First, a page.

We Need To Talk About Donald Trump's Comments On France's First Lady's Body
President Donald Trump and wife Melania arrived in France early on Thursday, July 13, to attempt to strengthen ties between the two countries -- and to celebrate Bastille Day with President Emmanuel Macron and his wife, Brigitte. And the first meeting did not go well.
The initial greeting between Trump and Brigitte Macron was, in itself, awkward.
But then Trump crossed a line.
He turned to Macron and said, "You're in such good shape." Then he turned to Emmanuel Macron and confirmed, "She's in such good physical shape." Then to Macron again, "Beautiful."
One can assume that he was also implicitly commenting on the infamous 24-year age difference between Brigitte and Emmanuel Macron. (She was his 39-year-old schoolteacher when they met.) There's a hint of incredulity with which Trump commented on her physique that implied, you look great... for your age.
This is a pattern for Trump. He has made sexist comments about women before. Many times. In fact, The Telegraph made a Trump sexism tracker because he so frequently makes sexist and misogynistic comments.
And he often talks about women in terms of physical appearance, including his recent remarks about Mika Brzezinski and that strange encounter he had with an Irish reporter a few weeks ago, in which Trump complimented a female reporter's smile.
While he has never been charged with sexual assault, he has been accused of it by a myriad of women over the years (he has denied these accusations). And in case you forgot, Trump was caught on tape saying,
I'm automatically attracted to beautiful — I just start kissing them. It's like a magnet. Just kiss. I don't even wait. And when you're a star, they let you do it. You can do anything. Grab 'em by the p*ssy. You can do anything.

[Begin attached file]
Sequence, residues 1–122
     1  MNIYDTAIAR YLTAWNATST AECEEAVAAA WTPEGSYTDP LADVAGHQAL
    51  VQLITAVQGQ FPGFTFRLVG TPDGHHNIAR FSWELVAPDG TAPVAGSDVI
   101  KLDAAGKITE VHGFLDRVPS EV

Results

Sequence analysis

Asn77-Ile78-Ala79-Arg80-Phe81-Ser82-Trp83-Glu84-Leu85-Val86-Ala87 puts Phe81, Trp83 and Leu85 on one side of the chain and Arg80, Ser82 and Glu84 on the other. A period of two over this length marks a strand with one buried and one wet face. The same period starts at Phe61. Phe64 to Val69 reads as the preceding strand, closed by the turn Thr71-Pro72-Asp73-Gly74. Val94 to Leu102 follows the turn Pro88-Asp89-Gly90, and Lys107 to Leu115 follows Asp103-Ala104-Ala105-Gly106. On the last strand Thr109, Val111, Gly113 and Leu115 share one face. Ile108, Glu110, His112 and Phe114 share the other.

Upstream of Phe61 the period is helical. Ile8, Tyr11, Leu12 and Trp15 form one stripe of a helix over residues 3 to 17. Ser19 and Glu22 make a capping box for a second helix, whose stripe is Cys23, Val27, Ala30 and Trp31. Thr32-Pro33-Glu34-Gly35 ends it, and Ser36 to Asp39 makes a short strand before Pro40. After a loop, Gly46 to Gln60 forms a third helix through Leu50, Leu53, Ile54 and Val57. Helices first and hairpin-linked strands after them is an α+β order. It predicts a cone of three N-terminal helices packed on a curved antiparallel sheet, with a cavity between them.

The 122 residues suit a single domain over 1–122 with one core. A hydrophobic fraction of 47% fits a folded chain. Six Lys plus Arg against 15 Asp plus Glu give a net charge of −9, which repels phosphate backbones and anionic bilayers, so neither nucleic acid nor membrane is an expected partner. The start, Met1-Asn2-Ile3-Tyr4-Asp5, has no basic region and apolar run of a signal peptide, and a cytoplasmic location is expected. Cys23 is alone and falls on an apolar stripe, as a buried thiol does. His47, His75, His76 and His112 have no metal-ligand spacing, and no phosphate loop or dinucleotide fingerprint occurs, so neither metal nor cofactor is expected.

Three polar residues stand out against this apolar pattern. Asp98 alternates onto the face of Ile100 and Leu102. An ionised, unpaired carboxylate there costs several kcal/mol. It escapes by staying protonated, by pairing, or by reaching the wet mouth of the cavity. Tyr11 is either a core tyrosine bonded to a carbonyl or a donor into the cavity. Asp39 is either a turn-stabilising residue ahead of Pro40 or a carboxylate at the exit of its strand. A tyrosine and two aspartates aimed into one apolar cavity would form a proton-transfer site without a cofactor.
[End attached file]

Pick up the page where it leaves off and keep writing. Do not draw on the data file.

And now, he has focused on Macron's physique.
To talk about a head of state's wife in such a sexist manner -- and in public, with cameras around, no less -- seems to show how little respect he has for anyone or anything but his own impulses and entitlement.
And when you compare how he talks about (and insults) men, versus how he talks about (and insults) women, the difference is clear: to Donald Trump, women are mere bodies to be consumed and enjoyed -- or rejected. He has called women "fat pigs" in the past, and when Miss Universe Alicia Machado gained 12 pounds, he reportedly called her "Miss Eating Machine" and told her that her weight gain interfered with her duties.
It's difficult to imagine him talking about President Macron in the same way, complimenting his slender figure.
There is an implicit sexism in discussing women's appearances, scrutinizing them in a way that often reduces them down to just looks, professional accomplishments be damned. And Trump's comments are more than just embarrassingly tone deaf.
They speak to a larger culture his administration seems to be pushing. Sexual assault guidances through Title IX -- meant to protect survivors and prevent more assaults in schools -- are at risk. Planned Parenthood's funding is at risk. Access to birth control is at risk. Trump has previously disclosed that he thinks women who get abortions should be punished. Women are at risk.
These are not just words. These are the words of a man who wields unparalleled power, and he is using that power to reduce women to just their bodies.